Queen Elizabeth II’s motorcade arrives in Edinburgh News

Crowds lined the road in Scotland as the United Kingdom mourned its longest-reigning monarch, the only one most Britons have ever known.

Queen Elizabeth II’s flag-covered coffin has arrived at Holyrood House in Edinburgh after a six-hour flight from Balmoral Castle, where the United Kingdom’s longest-reigning monarch died on Thursday.

Thousands of people lined the road in Scotland to pay their last respects to the late monarch, the only person most Britons have ever known. Earlier on Sunday, flowers and other items piled up outside the gates of Balmoral and Holyrood House.

The coffin will be moved from Holyrood House to nearby St Giles’ Cathedral in Edinburgh on Monday, where it will remain before being taken to London for a state funeral on September 19.

He will then be moved from Buckingham Palace on Wednesday to the Houses of Parliament to remain in state until the funeral at Westminster Abbey.

Elizabeth Alexander, 69, who was born on the day of the Queen’s coronation in 1953, was in the village of Ballater to see the coffin pass.

“I think it would be very emotional for anyone to say goodbye. It’s like a family member, it’s heartbreaking – because she won’t be with us,” Alexander said.

The Queen ascended to the throne after the death of her father, King George VI, on February 6, 1952, when she was only 25 years old. She was crowned a year later.

Al Jazeera’s Alan Fisher said, from the front of the Holyrood House mansion where people have been laying flowers since the early hours.

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“It gives people the opportunity to say goodbye collectively to a woman who was loved and loved by the Scots…and let’s face it the Scots don’t tend to love everyone, but they have a special place of affection for the Queen,” Fisher said.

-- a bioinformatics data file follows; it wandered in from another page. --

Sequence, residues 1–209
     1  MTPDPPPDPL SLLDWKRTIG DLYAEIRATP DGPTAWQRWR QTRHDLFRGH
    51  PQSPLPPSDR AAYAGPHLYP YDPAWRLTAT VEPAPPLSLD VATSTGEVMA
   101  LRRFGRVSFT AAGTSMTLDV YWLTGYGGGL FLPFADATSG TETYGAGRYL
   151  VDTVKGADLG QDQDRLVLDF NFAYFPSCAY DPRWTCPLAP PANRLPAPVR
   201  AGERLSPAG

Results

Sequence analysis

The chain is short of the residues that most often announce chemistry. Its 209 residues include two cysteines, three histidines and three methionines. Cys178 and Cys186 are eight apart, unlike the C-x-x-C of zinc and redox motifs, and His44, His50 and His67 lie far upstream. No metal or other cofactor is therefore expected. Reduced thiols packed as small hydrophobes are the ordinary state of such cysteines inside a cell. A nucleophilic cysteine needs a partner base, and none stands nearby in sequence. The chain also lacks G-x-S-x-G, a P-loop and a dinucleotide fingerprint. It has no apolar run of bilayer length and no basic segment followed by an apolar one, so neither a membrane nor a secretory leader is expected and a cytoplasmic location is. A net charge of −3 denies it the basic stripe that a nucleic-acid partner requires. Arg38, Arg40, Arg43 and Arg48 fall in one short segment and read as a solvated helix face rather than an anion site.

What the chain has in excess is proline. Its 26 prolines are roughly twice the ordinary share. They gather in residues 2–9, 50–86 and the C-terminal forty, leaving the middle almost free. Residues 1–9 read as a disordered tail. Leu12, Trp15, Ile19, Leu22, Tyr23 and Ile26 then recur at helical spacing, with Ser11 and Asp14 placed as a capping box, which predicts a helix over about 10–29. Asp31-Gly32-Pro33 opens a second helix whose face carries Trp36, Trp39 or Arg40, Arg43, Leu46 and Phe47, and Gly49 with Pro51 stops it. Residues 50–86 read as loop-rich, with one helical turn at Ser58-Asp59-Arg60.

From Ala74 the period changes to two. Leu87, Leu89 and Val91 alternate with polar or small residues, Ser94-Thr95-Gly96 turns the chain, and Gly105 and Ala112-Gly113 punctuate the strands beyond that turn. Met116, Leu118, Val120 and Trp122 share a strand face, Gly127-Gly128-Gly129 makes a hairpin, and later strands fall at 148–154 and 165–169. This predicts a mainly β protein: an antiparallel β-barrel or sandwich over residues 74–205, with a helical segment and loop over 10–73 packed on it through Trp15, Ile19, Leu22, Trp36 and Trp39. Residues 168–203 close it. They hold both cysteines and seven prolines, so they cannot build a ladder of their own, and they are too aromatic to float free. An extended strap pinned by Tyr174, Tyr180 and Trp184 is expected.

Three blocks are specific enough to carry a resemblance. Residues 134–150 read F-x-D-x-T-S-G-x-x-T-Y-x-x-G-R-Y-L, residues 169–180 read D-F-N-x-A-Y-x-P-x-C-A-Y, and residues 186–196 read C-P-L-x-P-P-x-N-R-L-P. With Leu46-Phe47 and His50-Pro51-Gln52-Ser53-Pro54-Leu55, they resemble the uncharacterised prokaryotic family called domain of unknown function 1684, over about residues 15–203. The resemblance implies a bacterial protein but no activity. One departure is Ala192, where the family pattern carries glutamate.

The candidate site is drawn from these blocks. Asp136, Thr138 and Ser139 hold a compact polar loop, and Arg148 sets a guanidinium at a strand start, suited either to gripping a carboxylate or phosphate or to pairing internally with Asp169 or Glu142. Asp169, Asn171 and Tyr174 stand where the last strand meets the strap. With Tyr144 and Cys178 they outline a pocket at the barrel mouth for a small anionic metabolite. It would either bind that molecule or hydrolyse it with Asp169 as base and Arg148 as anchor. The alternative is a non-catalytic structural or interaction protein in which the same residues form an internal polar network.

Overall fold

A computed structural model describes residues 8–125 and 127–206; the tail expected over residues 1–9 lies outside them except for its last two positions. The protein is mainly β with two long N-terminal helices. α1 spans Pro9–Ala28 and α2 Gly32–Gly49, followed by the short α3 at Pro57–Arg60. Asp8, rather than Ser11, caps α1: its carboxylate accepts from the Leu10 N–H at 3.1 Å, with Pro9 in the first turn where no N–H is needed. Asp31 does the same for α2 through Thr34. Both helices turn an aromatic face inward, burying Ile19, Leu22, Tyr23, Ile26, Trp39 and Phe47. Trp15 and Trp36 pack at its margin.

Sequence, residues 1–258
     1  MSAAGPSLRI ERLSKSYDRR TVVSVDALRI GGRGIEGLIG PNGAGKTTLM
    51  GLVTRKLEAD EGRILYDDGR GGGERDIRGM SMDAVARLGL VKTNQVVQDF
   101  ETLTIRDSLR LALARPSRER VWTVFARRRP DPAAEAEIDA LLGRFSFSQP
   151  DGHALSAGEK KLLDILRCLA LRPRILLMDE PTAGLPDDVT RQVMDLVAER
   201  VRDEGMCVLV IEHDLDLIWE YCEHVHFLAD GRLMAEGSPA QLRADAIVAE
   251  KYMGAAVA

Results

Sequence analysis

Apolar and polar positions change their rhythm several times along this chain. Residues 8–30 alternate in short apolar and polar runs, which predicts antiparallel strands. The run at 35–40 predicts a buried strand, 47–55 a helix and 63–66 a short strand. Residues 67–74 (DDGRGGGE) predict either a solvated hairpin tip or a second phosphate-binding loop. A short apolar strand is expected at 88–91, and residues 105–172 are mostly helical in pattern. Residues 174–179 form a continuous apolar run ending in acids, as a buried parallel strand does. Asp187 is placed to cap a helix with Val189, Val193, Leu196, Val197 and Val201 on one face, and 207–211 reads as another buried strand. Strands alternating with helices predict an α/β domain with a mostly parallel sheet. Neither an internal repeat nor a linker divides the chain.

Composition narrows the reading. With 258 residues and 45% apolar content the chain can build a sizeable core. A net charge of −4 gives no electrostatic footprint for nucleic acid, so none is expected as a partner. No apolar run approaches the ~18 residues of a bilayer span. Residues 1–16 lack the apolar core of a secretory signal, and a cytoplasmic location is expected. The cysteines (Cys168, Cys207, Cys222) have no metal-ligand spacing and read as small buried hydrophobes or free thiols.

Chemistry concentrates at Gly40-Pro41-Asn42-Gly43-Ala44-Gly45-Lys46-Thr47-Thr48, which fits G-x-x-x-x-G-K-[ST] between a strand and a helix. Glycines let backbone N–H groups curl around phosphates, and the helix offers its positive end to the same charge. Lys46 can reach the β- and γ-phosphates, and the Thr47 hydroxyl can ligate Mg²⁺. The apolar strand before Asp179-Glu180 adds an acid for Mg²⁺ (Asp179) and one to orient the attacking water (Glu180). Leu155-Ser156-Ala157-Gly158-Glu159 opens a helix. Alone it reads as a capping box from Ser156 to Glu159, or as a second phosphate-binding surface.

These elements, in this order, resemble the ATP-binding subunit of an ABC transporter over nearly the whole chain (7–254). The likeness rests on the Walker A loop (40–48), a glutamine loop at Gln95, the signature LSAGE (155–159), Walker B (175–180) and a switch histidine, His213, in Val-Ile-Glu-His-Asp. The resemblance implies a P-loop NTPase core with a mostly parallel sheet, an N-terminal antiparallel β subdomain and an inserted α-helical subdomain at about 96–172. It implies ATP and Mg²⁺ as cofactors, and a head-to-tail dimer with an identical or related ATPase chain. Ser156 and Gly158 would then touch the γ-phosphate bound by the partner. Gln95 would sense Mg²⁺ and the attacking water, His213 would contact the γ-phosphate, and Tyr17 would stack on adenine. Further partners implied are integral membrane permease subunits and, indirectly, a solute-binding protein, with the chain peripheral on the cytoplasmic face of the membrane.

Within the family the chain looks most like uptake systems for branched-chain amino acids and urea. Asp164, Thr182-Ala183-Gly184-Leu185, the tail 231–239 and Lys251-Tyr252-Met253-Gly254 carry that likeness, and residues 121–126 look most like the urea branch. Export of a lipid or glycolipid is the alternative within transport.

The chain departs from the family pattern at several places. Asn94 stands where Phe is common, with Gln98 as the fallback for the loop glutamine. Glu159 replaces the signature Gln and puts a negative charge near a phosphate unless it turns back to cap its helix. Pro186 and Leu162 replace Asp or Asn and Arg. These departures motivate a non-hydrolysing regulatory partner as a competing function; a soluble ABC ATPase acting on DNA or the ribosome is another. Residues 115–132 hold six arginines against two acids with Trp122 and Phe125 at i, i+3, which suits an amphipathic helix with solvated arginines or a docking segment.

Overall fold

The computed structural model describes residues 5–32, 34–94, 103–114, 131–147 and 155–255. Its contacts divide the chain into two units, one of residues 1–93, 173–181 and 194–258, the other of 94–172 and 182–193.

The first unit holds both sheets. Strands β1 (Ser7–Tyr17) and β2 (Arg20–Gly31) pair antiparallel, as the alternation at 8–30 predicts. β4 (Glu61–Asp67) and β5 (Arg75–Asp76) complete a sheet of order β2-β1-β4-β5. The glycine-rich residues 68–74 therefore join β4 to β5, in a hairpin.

Heavy Sovereignty Responsibilities

Sunday’s ceremonial trip across Scotland comes a day after the Queen’s eldest son officially declared the new king – King Charles III – in a pomp-filled inauguration ceremony steeped in ancient tradition and political symbolism.

“I am fully aware of this great legacy and the great duties and responsibilities of the Sovereign, which have now passed on to me,” said Charles as he assumed the duties of King.

He has been declared king in other countries of the United Kingdom – Scotland, Wales and Northern Ireland – and in cities across the country.

Earlier, pronouncements were made in other parts of the Commonwealth – the group of former British Empire colonies – including Australia and New Zealand.

Even while grieving for his late mother, Charles intended to act. He met the Secretary-General of the Commonwealth, a group of nations grappling with affection for the Queen and persistent bitterness over her colonial legacy, at Buckingham Palace. This ranged from slavery to corporal punishment in African schools to looted artifacts found in British institutions.

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